FONT

MORE STORIES


The National Association of Education Progress reports that only 34 percent of Oregon fourth-graders tested 'proficient' in reading in 2015; and Oregon has the third-worst high school graduation rate in the country.

COURTESY CPI - Kathryn HickokAre we missing the trees for the forest in Oregon school funding and education reform debates?

Media reports, school districts and political leaders usually focus on the big picture: reaching a 100 percent high school graduation rate so all children have the best chance in life. That's a great goal. Frequently lost, however, is the fact that every child is an individual. The focus of real-life Oregon parents is helping their kids reach their potential in light of their specific needs and gifts.

These two perspectives shouldn't be at odds. In fact, the second could drive the first — if more parents were empowered to make meaningful choices for their children's education.

According to the National Education Association's Rankings and Estimates report for 2016 and 2017, counting local, state and federal funding, current expenditures per Oregon student in average daily attendance are estimated to be $13,230, which is more than 33 other states. Adding in spending for capital outlays and interest payments, that number increases to $14,911 per student.

Yet the National Association of Education Progress reports that only 34 percent of Oregon fourth-graders tested "proficient" in reading in 2015; and Oregon has the third-worst high school graduation rate in the country.

No one disputes the need for improvements to public schools. But children who need help today — first to learn the basics (like reading and math) and then to graduate from high school — should get the help they need now. What we ought to do is give Oregon students the power of choice to find their own paths to success.

For lower-income parents, the stakes are high. Nearly half the children born into poverty will stay in poverty as adults. The key to changing that outcome is an education that leads to high school graduation and future employment. Unlike parents with greater means, who can move to another neighborhood or pay out-of-pocket for private schools, lower-income parents often find their children trapped in public schools that do not meet their kids' needs. Education savings accounts could change that.

Six years ago, Arizona became the first state to pass an Education Savings Account (ESA) law for some K-12 students, and it recently expanded eligibility to eventually include all Arizona children. Florida, Mississippi and Tennessee also have ESA programs limited to certain students, such as those with special needs.

An ESA is analogous to a limited-use debit card for qualifying education expenses. It gives parents who want to opt out of a public school a portion of the per-student state funding to spend on their child's education in other ways. ESAs can fund a wide variety of education-related expenses, including tuition, tutoring and supplemental materials. Money not used in one year can be rolled over for future education expenses, even college.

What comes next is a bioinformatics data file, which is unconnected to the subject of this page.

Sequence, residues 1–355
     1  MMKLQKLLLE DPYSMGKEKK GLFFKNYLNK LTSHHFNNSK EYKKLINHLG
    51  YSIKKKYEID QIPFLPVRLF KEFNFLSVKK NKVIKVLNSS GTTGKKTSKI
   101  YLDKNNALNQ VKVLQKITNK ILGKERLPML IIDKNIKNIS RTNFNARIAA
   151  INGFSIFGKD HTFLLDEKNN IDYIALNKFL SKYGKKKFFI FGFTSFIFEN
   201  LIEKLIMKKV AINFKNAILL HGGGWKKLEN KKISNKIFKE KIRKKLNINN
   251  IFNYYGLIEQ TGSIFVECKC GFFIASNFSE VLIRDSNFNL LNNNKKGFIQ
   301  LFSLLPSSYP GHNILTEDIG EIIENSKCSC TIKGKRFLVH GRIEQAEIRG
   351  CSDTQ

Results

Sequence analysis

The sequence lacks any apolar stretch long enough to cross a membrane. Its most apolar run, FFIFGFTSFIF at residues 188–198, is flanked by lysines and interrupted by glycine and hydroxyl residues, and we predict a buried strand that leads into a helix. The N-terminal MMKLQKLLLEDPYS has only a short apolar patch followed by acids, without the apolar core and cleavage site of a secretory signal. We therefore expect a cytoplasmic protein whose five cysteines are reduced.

But if ESAs let parents spend education funds outside the public school system, would ESAs drain money from public schools? Not necessarily. Schools are funded by local, state and federal money. ESAs would be funded by only part of the state component. The amount of the ESA deposits is negotiable and would be the biggest driver of their fiscal impact.

Legislators can design an ESA program so that it would be revenue neutral to public schools, or even create a net increase per student who remained in the system. If students leaving public schools took less funding with them than would have been spent if they had remained, schools could reduce their class sizes without a negative impact on per-student funding.

No one can craft a school system that meets every child's needs. Statistical data analysis and bureaucratic goal-setting can't ensure that any particular child makes it to high school graduation or excels in a career. But most parents are keenly aware of their own children's needs. Giving parents power to find the right fit for their kids would make a world of difference, as any parent knows.

Focusing on the forest (the public school system), Oregon is missing the trees (kids). We should expand the role of parents in achieving better educational outcomes for their children. We've tried everything else. Parental choice is the future of education reform, and Education Savings Accounts are a fiscally responsible policy solution that can give all kids options now.

Kathryn Hickok is publications

director at the Portland-based Cascade Policy Institute, Oregon's free market public policy research organization. She also is director of Cascade's Children's Scholarship Fund-Oregon program, which provides privately funded, partial tuition scholarships to Oregon elementary students from lower-income families. Contact her and learn more about CPI at: cascadepolicy.org

Contract Publishing

Go to top